By Frank McLean
The gamesmanship has started in the Toronto Raptors-Milwaukee Bucks series and it only took one game. Scrappy Matthew Dellavedova has been getting on the Raptors nerves.
The fact that the Bucks, who experts kept telling us should be swept four straight games, beat Toronto 97-83 would be enough. But now it’s Dellavedova and the illegal screens was he was allegedly running to set up Giannis Antetokounmpo.
This is why Dellavadova has a job in the NBA, his ability to set screens to let scorers do their things. This is what he did in Cleveland the first three years of his career, setting screens to make it easier for LeBron James.
It’s not for his offensive skills, he only averaged 7.6 points a game for the Bucks during the regular season, what he brought to a young developing team is his tough physical grinding game.
The Cavaliers sure miss him. James was complaining that the Cavaliers needed a playmaker. The problem was the guy he needed was traded to Milwaukee in the off season in a sign and trade for the draft right to Albert Miralles.
In Toronto on Monday at practice the Raptors let it be known that he was running some illegal screens in game one.
“He did set 18-screens and we did look at them,” Raptors head coach Dwane Casey was saying during his daily session with the media. “A lot of them weren’t legal.
“Now we’ve got to make sure we counter that and make the officials make a decision. The officials were saying that we’re not hitting (the screens) or running into them. We’ve got to make sure we have a confrontation, because he’s one of the great screen-setters in the league, just like John Stockton was. There’s no disrespect by saying that.
“It’s a respect factor for Dellavedova that he does set hellacious screens. You look at them in slow time, and believe me, they’re moving, they’re grabbing, they’re holding. He has set a precedent with it and they’re not calling it. We’ve got to make sure we set screens the same way, and now we show the officials those videos.
“It’s a credit to him that he sets screens that way and gets away with it.”
Meanwhile back in Milwaukee the Bucks were working out before they boarded their plane to head to Toronto for Tuesday’s game. Dellavedova spoke about an hour before Casey made his comments in Toronto. He talked about how it’s all about playing physical in the playoffs.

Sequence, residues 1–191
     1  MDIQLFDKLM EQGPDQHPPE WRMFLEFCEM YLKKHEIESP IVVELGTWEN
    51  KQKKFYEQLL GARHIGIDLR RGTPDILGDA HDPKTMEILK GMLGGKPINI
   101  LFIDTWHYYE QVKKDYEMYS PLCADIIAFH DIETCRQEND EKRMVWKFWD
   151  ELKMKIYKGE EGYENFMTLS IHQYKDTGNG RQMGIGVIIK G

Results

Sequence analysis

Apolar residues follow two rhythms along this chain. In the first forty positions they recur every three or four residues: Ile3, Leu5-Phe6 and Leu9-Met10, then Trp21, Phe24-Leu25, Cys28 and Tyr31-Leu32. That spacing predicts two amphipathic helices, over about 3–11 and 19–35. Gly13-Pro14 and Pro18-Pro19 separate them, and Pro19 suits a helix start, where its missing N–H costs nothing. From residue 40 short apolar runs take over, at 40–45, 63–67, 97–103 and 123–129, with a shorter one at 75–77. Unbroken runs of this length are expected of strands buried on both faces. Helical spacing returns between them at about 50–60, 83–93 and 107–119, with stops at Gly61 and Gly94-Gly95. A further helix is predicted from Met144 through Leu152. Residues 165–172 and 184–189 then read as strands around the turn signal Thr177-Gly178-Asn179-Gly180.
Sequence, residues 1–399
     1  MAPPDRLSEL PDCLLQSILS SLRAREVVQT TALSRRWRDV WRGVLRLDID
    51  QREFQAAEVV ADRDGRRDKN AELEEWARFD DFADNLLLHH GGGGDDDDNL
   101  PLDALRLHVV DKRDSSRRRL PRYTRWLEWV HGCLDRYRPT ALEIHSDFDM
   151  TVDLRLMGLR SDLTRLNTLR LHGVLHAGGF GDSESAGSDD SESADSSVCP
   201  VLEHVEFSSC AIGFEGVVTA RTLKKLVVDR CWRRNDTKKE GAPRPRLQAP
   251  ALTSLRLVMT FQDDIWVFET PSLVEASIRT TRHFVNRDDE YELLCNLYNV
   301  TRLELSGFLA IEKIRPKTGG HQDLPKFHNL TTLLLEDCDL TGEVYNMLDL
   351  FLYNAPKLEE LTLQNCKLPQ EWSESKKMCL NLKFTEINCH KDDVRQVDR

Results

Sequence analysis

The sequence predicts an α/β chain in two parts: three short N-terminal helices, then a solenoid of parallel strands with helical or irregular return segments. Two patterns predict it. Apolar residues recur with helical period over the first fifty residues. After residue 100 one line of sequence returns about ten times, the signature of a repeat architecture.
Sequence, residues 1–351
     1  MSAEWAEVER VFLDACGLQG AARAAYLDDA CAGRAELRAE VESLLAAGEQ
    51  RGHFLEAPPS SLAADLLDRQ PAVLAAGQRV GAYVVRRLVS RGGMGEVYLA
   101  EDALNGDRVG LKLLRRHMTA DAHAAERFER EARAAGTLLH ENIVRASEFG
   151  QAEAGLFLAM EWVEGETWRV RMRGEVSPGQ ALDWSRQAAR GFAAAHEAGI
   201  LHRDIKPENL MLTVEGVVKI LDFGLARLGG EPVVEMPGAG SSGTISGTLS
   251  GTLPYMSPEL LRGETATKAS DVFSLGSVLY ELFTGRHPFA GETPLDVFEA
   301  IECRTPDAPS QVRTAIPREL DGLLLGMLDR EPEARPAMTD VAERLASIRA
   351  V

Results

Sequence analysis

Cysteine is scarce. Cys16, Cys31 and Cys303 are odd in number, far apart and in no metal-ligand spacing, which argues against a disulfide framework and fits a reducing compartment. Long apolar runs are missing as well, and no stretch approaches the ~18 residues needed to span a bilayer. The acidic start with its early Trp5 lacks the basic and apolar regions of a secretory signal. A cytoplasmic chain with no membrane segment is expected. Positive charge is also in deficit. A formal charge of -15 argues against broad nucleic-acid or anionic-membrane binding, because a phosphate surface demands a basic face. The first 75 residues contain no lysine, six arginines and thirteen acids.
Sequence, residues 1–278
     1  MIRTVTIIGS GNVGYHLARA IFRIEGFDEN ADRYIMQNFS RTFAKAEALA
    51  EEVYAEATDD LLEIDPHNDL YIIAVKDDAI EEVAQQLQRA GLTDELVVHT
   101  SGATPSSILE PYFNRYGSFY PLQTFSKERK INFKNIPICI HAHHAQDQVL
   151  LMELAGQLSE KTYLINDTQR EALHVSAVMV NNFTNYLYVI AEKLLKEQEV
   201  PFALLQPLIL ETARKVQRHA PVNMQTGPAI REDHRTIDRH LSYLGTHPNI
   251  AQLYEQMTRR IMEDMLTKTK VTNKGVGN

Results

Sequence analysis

“I think in the playoffs, my game is suited to that,” Dellavedova said. “Where there’s a lot on the line, it’s going to be even more physical. If you want to win, you’ve got to put your body on the line.”
Dellavedova, who is from Australia, said the type of game he plays is typical of what you see all the time in international basketball.
“Internationally the game is a lot more physical,” Dellavedova added. “The way they set screens, if you go under a screen internationally, the big man is going to roll you down in to the paint, so you really can’t go under any screens. Often times when I go back and play with Australians in the summertime, it’s a lot more physical.
“All people set illegal screens in the NBA. If you follow it to the letter of the law, the rule is that your feet have to be inside your shoulders. I mean big men are always kind of setting it wide. That’s just how it is.
“You have to be smart and adjust to what the refs are calling.”
Bucks head coach Jason Kidd, who was as a tough a guard to ever play in the NBA, admires his small 6’4 guard.
“It’s tough when you have a small, a point guard, that sets screens, as many as he sets in a game,” Kidd said. “He knows he’s going to get hit, being able to absorb that hit and he does it a lot. It can wear on you, but I think he’s someone who can take a hit. He understands sacrifice and his teammates appreciate that.”
We don’t know yet who the NBA will assign to referee game two. It will be interesting to see who they are and will they be paying attention to possible illegal screens.
The mind games have started, we got ourselves a series.
Veteran journalist Frank McLean has covered nearly every Raptors game in Toronto since their inaugural season at the Skydome back in 1995-96. He has seen it all. The good, the bad and the really bad and he is one of the very few journalists in Toronto that has kept coming back for more.